"Cold Sleep," the contribution of SF- and horror-meister George Iida ("Night Head," "Another Heaven"), is a wacky "Twilight Zone" episode. Fujio (Takao Osawa) awakes in a hibernation capsule, after traveling 20 light years to another solar system. He finds himself in what looks to be a Japanese elementary school classroom. All but one of his fellow space voyagers, he learns to his horror, have reverted to childhood -- and seem to be enjoying themselves tremendously. Is ignorance really better than bliss? Iida has fun answering this age-old question, but doesn't end with a Rod Sterling-like twist.

Rokuro Mochizuki presents a fantasy of a quite different type in "Pandora." Mayuko (Takami Yoshimoto) has a secret shame -- unbearably itchy feet. Seeking relief, she encounters an old Chinese vegetable seller, who claims to have just what she needs. He takes her to an empty playhouse, seats her on the stage and asks her to put her feet through an opening on the floor. What, she wonders, lurks beneath? An avid explorer of the erotic in his feature films, Mochizuki indulges a taste here that may not be to everyone's licking -- I mean liking -- but exerts a bizarre fascination nonetheless. I was reminded of the upside-down kiss between Kirsten Dunst and Tobey Maguire in "Spider-Man."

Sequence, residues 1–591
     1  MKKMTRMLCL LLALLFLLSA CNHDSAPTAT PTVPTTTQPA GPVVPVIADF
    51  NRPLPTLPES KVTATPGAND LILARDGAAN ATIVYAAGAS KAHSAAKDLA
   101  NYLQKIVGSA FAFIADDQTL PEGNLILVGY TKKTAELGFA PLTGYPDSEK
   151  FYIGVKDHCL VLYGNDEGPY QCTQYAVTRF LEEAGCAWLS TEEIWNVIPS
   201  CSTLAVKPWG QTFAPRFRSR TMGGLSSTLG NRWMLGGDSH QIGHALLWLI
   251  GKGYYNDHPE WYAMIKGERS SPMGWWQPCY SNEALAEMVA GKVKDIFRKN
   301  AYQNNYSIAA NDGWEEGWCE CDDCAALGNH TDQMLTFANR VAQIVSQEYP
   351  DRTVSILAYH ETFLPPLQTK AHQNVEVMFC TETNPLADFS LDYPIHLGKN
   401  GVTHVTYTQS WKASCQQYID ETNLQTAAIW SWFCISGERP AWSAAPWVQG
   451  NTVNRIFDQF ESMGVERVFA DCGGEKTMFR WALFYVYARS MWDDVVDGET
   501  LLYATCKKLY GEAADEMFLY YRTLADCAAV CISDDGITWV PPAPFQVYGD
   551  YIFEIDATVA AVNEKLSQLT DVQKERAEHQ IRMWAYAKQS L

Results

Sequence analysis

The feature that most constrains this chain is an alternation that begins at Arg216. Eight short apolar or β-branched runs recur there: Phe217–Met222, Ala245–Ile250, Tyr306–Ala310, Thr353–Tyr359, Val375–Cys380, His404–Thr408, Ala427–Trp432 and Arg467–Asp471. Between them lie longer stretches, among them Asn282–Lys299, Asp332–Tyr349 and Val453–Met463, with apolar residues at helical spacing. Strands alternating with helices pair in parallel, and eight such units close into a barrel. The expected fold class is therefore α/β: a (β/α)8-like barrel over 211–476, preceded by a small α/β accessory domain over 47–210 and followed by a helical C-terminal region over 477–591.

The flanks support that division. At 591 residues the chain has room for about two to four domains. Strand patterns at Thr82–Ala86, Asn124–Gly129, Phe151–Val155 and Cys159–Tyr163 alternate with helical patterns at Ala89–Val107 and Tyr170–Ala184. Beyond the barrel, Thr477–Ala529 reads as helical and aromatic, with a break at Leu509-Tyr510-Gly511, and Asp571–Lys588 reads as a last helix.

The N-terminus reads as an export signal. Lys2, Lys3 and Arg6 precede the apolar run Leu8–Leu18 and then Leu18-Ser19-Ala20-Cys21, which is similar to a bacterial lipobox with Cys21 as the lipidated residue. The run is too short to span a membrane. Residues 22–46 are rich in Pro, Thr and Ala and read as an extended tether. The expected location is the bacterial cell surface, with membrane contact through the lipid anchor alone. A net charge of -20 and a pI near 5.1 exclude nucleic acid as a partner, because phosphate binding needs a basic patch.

Yukihiko Tsutsumi's "Hijiki" marks a return to the black humor that Tsutsumi first displayed in the 1998 comedy "Bakayaro -- Watashi, Okottemasu." A man (Kuronosuke Sasaki) is about to sit down at the dinner table when he hears police sirens and, soon after, smells tear gas. Cops have surrounded the place and are demanding that he come out, but his three female hostages-cum-dining companions -- led by a motor-mouthed middle-aged woman (Natsuko Akiyama), want him to first sample a heaping bowl of hijiki -- an algae dish that he loathes. Like much of Tsutsumi's work, "Hijiki" is too talky and gimmicky by half, though the hero's hijiki rant, in which he compares the stuff to hair on a plate, is alone worth the price of admission.

Far funnier is Isao Yukisada's "Justice." A class of high school boys listen to a blond gaijin teacher drone through the Potsdam Declaration. One diligently takes notes, one draws a pornographic anime and one stares out the window at girls jumping hurdles -- and becomes entranced with the way they pull the fabric of their shorts over their bottoms as they return to the starting line. The film builds to an erotic cascade of snapping elastic -- and love at first sight. What does the Potsdam Declaration have to do with any of this? Yukisada leaves the answer to the viewer, though the gaijin teacher's arrogance offers a clue.

"Arita," by Iwai, deals with another kind of obsession. A girl grows up drawing an imaginary critter she calls Arita on everything from her notebooks to her test papers. She secretly believes in its existence until she starts to outgrow her childhood fantasies. But by this time, as she discovers one day, Arita has taken on a scarifying life of its own. Charming if slight, "Arita" anchors the compilation mainly because it stars super-idol Ryoko Hirosue, who appears only in its closing minutes but is featured prominently in all "Jam Films" publicity.

This is not deceptive advertising. Hirosue, that ingenue par excellence, whose slightly goofy, slightly flirty, slightly mysterious grin has brightened a thousand magazine covers, sums up what "Jam Films" is mostly about: entertainment with attitude and humor, but nothing too rude. Takashi Miike, pointedly, was not on Kawai's invitation list.